growth.  Loan portfolios that experienced
the most easing included indirect consumer, credit cards, large corporate,
asset base lending, and leverage loans. 
Portfolios that experienced the most tightening included high
loan-to-value (HLTV) home equity, international, commercial and residential
construction, affordable housing, and residential real estate loans.

Expectations regarding future health of
the economy
differed by bank and loan products but examiners reported that
economic outlook was one of the main reasons given for easing or tightening
standards.  Others were changes in risk
appetite and product performance. Factors contributing to eased standards were changes
in the competitive environment, increased competition and desire for growth and
increased market liquidity. 

The survey indicates that 77% of
examiner responses reflected that the overall level of credit risk will remain
either unchanged or improve over the next 12 months.  In last year’s survey 64% of the responses
showed an expectation for improvement in the level of credit risk over the
coming year. Because of the significant volume of real estate related loans,
the greatest credit risk in banks was general economic weakness and its results
and impact on real estate values.   

Eighty-four of the surveyed banks (97
percent) originate residential real estate loans.  There is a slow continued trend from
tightening to unchanged standards with 65 percent of the banks reporting
unchanged residential real estate underwriting standards.  Despite the many challenges and uncertainties
presented by the housing market, none of the banks exited the residential real
estate business during the past year however examiners reported that two banks
plan to do so in the coming year.  Additionally,
examiners indicated that quantity of risk inherent in these portfolios remained
unchanged or decreased at 81% of the banks.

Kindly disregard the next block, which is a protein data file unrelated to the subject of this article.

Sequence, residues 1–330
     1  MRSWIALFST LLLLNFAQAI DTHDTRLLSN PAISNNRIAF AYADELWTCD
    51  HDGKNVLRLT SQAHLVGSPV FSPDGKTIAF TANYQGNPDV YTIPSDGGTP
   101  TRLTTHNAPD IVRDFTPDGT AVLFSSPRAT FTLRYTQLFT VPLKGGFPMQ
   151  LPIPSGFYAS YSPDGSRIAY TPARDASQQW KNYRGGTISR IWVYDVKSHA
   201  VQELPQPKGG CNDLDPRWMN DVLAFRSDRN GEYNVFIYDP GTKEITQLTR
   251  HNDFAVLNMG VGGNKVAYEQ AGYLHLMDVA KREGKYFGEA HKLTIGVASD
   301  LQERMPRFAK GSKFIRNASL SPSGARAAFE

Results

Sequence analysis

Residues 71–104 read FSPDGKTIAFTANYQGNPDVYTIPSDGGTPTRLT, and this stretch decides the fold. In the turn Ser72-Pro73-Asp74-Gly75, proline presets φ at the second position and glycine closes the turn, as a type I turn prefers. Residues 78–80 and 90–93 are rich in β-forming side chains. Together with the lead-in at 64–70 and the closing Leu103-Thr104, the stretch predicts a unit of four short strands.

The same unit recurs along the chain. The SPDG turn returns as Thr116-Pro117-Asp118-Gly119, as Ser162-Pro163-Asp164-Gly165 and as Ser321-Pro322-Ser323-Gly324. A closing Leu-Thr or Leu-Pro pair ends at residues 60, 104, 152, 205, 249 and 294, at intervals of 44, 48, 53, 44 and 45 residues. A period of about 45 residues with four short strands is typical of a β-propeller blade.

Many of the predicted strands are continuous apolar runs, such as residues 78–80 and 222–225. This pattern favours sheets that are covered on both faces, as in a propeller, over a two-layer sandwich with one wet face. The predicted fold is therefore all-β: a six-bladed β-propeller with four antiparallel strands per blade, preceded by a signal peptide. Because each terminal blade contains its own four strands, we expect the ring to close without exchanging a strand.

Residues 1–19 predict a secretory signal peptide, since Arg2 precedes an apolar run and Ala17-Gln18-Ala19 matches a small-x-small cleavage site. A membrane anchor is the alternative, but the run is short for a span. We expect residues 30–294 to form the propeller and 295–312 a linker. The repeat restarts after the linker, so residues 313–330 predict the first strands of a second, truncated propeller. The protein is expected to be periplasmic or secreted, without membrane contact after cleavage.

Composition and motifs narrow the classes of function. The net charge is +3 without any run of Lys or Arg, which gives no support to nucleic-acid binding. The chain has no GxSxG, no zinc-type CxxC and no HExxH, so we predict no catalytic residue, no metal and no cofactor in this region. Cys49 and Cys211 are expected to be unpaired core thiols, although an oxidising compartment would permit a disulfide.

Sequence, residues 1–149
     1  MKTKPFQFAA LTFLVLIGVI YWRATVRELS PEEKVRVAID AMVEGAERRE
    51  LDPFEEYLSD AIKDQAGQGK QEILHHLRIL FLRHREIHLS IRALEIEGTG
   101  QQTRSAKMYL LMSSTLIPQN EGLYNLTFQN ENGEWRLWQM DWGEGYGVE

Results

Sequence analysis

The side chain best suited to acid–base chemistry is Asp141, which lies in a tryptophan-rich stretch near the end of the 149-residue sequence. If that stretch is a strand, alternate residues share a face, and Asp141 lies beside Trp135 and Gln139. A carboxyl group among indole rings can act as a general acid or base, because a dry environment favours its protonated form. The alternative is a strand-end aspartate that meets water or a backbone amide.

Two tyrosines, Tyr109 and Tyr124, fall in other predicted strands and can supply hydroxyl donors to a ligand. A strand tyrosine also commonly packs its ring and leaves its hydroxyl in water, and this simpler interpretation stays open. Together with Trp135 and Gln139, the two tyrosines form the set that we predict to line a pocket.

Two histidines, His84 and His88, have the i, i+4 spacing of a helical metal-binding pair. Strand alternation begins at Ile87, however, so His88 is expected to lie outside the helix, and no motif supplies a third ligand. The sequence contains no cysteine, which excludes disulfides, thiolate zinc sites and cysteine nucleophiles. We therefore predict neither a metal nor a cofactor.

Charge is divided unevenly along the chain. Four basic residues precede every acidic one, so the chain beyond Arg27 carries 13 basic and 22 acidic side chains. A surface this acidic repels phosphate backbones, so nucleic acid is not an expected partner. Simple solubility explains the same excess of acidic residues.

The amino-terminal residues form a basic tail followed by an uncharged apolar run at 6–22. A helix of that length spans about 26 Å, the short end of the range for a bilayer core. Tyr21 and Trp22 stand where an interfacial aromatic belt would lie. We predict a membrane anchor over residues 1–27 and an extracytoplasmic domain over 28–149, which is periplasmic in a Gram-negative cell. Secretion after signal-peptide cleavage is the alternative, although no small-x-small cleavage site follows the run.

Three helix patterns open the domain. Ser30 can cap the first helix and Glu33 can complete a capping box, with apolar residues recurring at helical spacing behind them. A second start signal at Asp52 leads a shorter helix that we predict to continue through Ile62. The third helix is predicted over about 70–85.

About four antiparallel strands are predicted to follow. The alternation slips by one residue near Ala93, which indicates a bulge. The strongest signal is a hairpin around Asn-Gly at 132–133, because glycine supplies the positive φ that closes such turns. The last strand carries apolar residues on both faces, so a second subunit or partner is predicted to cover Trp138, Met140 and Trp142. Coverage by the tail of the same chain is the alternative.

Similar results were noted for
conventional home equity loans with 68% of banks keeping underwriting standards
unchanged and 18% easing standards since the 2001 survey.  Of the six banks that originated high
loan-to-value home equity loans, three banks have exited the business and one
plans to do so in the coming year

Commercial real estate (CRE) products
include residential construction, commercial construction, and all other CRE
loans.  Almost all surveyed banks offered
at least one type of CRE product and these remain a primary concern of examiners
given the current economic environment and some banks’ significant
concentrations in this product relative to their capital.  A majority of banks underwriting standards
remain unchanged for CRE; tightening continued in residential construction and
commercial (21 percent and 20 percent respectively).  Examiners site cited the distressed real
estate market, poor product performance, reduced risk appetite and changing
market strategy as the main reasons for the banks net tightening.

Nineteen banks (22 percent) offered
residential construction loan products but recent performance of these loans
has been poor and many banks have either exited the product or significantly
curtailed new originations.

Of the loan products surveyed 17% were originated
to sell, mostly large corporate loans, leveraged loans, international credits,
and asset based loans.  Examiners noted
different standards for loans originated to hold vs. loans originated to sell
in only one or two of the banks offering each product.  There has been continued improvement since
2008 in reducing the differences in hold vs. sell underwriting standards and
OCC continues to monitor and assess any differences.

…(read more)

Forward this article via email:  Send a copy of this story to someone you know that may want to read it.

Congress Hears Different Views on Appraisal Regulation

Among those testifying at a hearing of the House Committee on Financial Oversight’s subcommittee on
Insurance, Housing, and Community Opportunity were William B.
Shear
, director, Financial Markets and Community Investment, Government
Accountability Office (GAO) and Sara
W. Stephens, president of the Appraisal Institute.  Shear restated GAO’s earlier recommendations
that federal regulators set minimum standards for registering Appraisal
Management Companies (AMC)
before a hearing on
Thursday while Stephens countered
that non-congressionally mandated regulations are threatening to hamstring and jeopardize the real estate appraisal